Laura Donnelly: "The baby cries and the goose poos, but that's what makes The Ferryman magical"
We talk to the Northern Irish actress about her personal connections to The Ferryman, showing Paddy Considine the theatrical ropes and working with real life babies
The Royal Court run of The Ferryman sold out in minutes, did that put more pressure on you?
Absolutely, it really added pressure. It sold out so quickly at the Court and nobody knew what it was about. That meant they were putting their trust in Sam [Mendes, director] and Jez [Butterworth, writer], and – while we knew we were in safe hands – sometimes people's expectations are so high that it's difficult to meet them with anything. So we knew we had to bring something special. On the first preview, it was such an immense relief to see people on their feet at the end.
How true is it that it's based on your own personal experiences?
Yeah, that's completely true. My mum's brother, Eugene Simons, disappeared on New Year's Day in 1981. He was murdered by the IRA, the family didn't have any answers about what happened to him. He was discovered by accident in a bog by the border in Ireland, in May 1984. I spoke with Jez about it and he went off and looked further into the stories of the 17 Disappeared in Northern Ireland. So the Seamus storyline in The Ferryman is based on that.
So it must be very personal for you to tell that story each night?
It's made it an incredibly special play to be part of. In a way I get to perform it as a tribute to my family, my mother in particular, and to the families of the Disappeared. It's an incredibly heartbreaking set of stories, what the families went through – and are still going through – is incredibly harrowing. So to be able to bring that to such a large public forum has been quite redemptive, it makes me very proud.
The show portrays this huge Northern Irish family, is that something you recognise from growing up?
Absolutely, the family on stage is quite recognisable to most of us in the cast, we were all able to say 'Aunt Maggie Faraway is exactly like my grandmother'. Everybody had their own stories about the very familiar stories. The characters are so fully realised, so rounded that I think anybody that has Irish blood in them will probably recognise one or two of the characters.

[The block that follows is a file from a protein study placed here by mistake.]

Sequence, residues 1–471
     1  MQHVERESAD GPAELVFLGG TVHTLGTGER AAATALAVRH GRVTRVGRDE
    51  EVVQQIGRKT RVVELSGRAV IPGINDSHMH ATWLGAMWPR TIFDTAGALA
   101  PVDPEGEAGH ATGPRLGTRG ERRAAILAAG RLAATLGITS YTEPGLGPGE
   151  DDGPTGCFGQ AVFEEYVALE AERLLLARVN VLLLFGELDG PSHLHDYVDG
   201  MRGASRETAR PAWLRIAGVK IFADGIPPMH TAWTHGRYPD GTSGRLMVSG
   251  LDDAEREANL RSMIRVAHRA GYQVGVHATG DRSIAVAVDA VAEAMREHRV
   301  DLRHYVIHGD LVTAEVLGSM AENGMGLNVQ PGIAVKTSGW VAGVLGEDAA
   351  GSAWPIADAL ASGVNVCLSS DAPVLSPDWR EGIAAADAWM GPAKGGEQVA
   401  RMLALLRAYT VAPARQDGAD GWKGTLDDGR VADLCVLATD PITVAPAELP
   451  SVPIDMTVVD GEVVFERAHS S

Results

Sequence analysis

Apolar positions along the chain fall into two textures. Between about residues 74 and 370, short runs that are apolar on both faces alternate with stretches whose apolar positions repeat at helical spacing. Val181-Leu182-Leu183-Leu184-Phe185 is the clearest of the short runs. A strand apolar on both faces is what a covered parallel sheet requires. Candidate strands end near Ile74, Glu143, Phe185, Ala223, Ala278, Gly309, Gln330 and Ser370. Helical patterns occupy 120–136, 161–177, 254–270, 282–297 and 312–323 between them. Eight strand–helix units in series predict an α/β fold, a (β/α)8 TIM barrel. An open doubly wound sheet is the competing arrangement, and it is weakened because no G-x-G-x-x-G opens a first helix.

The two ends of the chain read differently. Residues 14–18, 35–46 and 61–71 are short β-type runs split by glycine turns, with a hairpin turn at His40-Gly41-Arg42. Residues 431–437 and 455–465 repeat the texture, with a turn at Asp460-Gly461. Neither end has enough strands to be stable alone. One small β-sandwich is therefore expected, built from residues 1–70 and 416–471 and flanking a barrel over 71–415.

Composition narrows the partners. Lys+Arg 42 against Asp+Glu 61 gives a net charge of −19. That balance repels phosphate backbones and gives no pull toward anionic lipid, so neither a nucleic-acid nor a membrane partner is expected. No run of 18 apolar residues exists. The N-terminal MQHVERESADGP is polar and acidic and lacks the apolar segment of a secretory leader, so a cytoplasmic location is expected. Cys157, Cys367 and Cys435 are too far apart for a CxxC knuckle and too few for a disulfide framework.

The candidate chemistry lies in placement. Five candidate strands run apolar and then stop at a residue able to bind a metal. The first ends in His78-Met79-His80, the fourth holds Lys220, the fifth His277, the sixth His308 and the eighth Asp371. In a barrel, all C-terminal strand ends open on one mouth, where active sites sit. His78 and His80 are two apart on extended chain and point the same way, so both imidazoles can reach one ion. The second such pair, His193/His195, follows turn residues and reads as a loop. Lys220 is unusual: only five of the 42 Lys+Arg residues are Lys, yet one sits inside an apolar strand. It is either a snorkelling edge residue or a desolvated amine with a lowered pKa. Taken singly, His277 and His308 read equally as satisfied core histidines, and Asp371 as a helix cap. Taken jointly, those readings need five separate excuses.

They do say never to work with children or animals, but you have many of both, how has that been?
It has been relatively smooth sailing. You can't tell a baby what to do but we managed to find a few babies that are remarkably calm and just seem to like being on stage, so that's been wonderful. Carla Langley [who plays Sheena] does most of the baby wrangling, and she has some wonderful tricks up her sleeves in case the babies are upset. John Hodgkinson [who plays Tom Kettle] handles most of the animals, he has formed a real relationship with the goose, they get on really well! But equally, the goose will poo on stage and there's nothing we can do about it. I think that's what really makes it magical, for those moments an audience is so aware that they are not watching a performance, they're watching something real and I think that really helps drop you further into the play – all bets are off.
So on the one hand you have this absolute realness, but then that's juxtaposed with the mythical aspects of the play...
It's a characteristic of Jez's writing, he's done that in all his plays that I've seen and been part of, it's one of the things I love about his writing. It seems to work particularly well with an Irish play because Irish culture is full of that anyway. We've always been existing in a midpoint between our politics and an incredible amount of spiritualism and mysticism that goes back as long as the country has existed.
It's Paddy Considine's stage debut, have you been showing him the theatrical ropes?
I guess we all have been to some extent. As far as I'm concerned Paddy is one of the greatest British film actors and I could not have been more excited when I heard he was cast. He came in to the whole process incredibly humble, he just wanted to learn. For the first couple of weeks he just soaked it all in and then as the process went on it just seemed to happen by osmosis. He's been an incredibly generous actor to be on stage with every night.
You went to Broadway with the last Butterworth play you did, The River, is that the hope this time around?
The intention is to take this to Broadway at some point, probably next year. There's nothing set in stone by any means, but it's gone down so well with the audiences here that I think everybody would love that to be the next step. Certainly the cast and company, we're all dying to get out there.
If you could play any person on stage what would it be?
I'd like to play something that is further away from who I am, maybe something that isn't set at home and doesn't necessarily speak to me personally. One of the things I'd love to do next is a Tennessee Williams play, he writes women so beautifully. But actually I think more in terms of writers and directors that I'd like to work with.
Who would that be?
I've loved Robert Icke's work that I've seen recently. In terms of writers, I think Conor McPherson's plays are always beautiful. I'd happily just keep working at the Royal Court for the rest of my life to be honest, the talent that comes through there is always very interesting to watch.
The Ferryman runs at the Gielgud Theatre until 6 January 2018.